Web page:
Then, the girl began to cry and looked away from F—. Her father picked her up and shushed her, wiping the blood from the cut and fogging F—’s view. She clenched the yarn tighter before realizing it was probably hurting the girl. None of the others stopped. Were they blind to understand that they had a delicate creature on their hands, and that she was in pain?

F— stopped knitting for a moment to try and recapture the girl’s gaze, but it was gone and replaced with the same glazed look she had always seen from the incarnations. The angel beside her poked her, and she kept working. F— had to remind herself to keep an even tension, keep her pace so that it wouldn’t throw off the rest of the scarf. How ugly would it be if the middle cinched inward? How glorious when others only noticed the brilliant pink of the girl? 

A few rows passed. The girl didn’t look at F— again, though F— thought if she just stared back into her palm, she could do it. The girl was older, already. Time for the incarnations was so haphazard — concentrated in one place, then a decade gone in a single stitch. They couldn’t even see the cloth of their lives, except this girl probably could, if she wanted.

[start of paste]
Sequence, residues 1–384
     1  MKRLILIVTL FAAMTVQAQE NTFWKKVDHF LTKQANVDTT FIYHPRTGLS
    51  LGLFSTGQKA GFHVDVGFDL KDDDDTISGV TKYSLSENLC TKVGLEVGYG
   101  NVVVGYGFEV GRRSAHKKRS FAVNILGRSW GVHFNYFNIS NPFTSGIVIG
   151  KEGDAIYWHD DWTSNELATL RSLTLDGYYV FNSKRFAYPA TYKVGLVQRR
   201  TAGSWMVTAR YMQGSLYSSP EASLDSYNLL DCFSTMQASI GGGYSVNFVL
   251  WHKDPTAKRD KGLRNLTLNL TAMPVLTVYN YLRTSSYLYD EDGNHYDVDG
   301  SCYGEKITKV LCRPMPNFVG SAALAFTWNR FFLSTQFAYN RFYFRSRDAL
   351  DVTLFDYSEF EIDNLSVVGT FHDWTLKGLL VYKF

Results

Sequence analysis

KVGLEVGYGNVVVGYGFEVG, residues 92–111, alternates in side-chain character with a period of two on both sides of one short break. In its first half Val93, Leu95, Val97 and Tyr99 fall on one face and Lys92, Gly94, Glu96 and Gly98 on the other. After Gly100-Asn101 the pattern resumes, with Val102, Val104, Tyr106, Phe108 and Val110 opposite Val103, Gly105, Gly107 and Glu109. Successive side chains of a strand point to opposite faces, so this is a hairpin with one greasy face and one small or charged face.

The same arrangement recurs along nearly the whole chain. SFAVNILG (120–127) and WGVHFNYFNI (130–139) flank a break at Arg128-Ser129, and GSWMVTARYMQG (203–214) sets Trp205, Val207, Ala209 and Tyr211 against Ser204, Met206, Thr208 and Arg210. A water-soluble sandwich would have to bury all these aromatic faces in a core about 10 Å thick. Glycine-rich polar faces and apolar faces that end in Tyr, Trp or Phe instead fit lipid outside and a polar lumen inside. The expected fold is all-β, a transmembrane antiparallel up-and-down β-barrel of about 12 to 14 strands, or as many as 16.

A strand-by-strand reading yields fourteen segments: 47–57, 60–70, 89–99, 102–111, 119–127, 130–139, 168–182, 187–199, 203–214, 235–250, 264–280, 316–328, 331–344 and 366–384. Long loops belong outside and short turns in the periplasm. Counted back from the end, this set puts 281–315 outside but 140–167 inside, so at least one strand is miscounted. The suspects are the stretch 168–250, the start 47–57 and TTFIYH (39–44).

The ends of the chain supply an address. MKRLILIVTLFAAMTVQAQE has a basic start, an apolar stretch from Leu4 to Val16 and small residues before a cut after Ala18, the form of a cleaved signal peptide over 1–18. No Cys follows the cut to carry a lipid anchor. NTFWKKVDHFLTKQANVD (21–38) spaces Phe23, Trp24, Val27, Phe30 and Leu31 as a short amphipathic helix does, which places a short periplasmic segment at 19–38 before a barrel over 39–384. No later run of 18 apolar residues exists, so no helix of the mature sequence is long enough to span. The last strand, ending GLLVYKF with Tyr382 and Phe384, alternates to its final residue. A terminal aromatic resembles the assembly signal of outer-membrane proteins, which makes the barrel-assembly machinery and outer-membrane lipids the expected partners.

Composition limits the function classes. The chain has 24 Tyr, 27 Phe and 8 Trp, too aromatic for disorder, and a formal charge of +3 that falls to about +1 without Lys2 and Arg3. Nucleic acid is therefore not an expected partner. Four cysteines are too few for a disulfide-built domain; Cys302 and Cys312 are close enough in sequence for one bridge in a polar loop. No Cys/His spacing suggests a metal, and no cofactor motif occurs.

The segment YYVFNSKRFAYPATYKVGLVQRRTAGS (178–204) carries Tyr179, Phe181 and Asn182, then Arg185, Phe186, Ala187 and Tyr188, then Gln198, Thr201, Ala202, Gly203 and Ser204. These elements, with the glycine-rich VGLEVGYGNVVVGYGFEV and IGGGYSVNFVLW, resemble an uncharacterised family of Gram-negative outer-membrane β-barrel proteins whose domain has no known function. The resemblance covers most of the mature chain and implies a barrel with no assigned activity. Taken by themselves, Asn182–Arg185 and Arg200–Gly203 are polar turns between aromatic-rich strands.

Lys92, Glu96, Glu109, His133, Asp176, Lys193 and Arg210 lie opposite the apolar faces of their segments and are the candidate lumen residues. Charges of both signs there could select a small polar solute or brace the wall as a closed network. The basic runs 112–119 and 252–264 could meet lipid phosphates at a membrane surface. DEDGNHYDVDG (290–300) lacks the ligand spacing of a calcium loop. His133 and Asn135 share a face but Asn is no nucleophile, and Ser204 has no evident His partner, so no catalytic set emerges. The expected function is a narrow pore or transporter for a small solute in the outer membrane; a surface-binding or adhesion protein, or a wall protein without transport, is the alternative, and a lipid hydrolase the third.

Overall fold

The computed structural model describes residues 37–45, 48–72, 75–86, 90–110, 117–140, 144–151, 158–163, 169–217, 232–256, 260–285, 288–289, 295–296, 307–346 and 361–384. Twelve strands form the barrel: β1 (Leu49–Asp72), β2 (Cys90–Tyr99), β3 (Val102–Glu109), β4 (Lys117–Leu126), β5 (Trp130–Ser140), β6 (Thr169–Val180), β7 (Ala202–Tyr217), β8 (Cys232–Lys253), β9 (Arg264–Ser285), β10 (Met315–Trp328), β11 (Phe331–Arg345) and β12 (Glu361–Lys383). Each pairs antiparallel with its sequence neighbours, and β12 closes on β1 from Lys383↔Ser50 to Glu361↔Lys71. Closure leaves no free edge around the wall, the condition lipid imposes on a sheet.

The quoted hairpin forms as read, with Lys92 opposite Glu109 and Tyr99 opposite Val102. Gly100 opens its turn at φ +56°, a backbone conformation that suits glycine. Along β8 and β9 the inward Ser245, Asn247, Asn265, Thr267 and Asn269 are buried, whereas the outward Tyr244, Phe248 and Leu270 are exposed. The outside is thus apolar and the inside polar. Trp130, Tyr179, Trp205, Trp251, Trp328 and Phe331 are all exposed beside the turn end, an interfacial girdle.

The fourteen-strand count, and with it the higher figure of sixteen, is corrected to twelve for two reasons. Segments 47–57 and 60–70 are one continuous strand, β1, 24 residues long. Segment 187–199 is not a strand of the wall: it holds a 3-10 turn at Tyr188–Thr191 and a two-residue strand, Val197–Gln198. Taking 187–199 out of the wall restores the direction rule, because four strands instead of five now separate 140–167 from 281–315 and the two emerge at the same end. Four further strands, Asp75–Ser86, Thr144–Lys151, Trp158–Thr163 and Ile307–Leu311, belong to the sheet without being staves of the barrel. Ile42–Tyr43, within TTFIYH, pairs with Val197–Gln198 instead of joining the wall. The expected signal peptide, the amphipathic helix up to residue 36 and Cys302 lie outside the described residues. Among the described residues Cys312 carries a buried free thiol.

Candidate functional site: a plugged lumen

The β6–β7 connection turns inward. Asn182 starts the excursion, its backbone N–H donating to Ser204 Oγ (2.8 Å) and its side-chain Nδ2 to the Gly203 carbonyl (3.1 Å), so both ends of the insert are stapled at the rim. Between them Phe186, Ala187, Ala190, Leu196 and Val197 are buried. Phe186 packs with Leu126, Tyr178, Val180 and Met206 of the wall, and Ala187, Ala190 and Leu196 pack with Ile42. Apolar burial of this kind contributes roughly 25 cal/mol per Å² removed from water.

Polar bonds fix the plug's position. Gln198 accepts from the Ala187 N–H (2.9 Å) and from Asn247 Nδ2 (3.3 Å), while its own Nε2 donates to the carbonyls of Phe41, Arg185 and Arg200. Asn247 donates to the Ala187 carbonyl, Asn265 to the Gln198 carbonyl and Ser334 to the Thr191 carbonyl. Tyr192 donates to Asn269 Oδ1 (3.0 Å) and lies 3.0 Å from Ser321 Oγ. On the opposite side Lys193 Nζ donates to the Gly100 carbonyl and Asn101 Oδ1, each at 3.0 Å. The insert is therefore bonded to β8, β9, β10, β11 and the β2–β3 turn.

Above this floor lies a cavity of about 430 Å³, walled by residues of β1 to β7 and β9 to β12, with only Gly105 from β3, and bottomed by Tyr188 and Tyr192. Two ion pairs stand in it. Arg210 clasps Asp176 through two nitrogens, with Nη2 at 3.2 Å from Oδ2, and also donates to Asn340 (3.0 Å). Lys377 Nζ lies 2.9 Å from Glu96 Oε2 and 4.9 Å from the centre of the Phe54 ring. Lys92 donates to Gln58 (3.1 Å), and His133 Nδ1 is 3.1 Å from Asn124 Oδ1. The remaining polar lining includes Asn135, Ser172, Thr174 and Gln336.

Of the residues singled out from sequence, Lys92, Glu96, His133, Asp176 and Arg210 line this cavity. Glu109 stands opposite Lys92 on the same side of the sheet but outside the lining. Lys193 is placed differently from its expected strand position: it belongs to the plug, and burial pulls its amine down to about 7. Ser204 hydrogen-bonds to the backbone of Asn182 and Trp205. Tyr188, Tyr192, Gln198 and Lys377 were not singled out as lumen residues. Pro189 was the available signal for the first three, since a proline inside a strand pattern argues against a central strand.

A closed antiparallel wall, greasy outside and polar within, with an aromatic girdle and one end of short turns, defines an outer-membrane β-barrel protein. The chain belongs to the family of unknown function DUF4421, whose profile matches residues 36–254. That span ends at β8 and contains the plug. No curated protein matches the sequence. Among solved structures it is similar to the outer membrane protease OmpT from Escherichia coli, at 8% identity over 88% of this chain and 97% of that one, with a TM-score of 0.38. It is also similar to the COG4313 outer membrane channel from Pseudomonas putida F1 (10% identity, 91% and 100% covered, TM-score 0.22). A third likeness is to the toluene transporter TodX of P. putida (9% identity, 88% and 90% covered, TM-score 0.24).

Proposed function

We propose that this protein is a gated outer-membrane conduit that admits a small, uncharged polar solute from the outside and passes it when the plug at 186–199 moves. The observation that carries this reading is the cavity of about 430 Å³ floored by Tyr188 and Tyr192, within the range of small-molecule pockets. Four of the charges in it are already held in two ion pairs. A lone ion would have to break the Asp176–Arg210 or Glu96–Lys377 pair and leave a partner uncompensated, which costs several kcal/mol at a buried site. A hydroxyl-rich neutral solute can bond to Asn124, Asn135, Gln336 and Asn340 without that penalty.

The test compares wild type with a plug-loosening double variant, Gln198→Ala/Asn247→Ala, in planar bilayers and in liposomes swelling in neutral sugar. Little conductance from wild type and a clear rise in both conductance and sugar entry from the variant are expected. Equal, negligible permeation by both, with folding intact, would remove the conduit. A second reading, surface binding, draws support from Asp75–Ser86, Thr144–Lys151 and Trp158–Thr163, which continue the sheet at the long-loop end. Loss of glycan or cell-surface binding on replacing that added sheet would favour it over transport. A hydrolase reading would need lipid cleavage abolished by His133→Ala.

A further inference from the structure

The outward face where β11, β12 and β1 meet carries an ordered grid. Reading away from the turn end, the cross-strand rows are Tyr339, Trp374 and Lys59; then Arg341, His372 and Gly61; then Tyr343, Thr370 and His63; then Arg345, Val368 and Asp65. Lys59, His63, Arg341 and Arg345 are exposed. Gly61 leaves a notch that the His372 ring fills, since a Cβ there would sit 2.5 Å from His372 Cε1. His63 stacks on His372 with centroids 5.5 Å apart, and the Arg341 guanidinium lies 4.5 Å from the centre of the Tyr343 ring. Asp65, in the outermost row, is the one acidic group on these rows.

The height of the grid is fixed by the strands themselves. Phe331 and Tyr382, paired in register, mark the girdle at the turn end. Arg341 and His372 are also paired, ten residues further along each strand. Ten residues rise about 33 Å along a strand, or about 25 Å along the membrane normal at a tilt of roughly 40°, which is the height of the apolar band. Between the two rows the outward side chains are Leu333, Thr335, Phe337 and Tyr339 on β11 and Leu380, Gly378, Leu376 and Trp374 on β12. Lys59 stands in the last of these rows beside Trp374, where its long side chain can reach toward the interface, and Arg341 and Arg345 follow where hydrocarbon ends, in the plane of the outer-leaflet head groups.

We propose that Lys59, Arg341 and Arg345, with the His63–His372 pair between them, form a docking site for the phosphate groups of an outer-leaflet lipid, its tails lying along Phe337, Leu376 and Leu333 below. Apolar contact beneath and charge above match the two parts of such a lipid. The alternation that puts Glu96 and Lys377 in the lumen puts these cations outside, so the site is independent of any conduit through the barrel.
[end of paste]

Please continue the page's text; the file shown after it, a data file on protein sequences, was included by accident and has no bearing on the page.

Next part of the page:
She was older, and she was kissing a girl and F—’s hands gripped around her needles. She took a moment and began again. The girl headed into the other girl’s arms and they were wrapped together now, for life. 

In her periphery the spinning angel got up with a handful of dyed wool and left the line; everyone continued working without her. F— dropped her needles, put down the scarf, and followed after her. 

“What are you doing?” F— asked.

“What do you think?” From the distance, another figure was approaching them, also with a fuzzy ball in their hand. They were going to tie the wool together and give it to another assembly line to be weaved into the girl’s son, another soul’s reincarnation.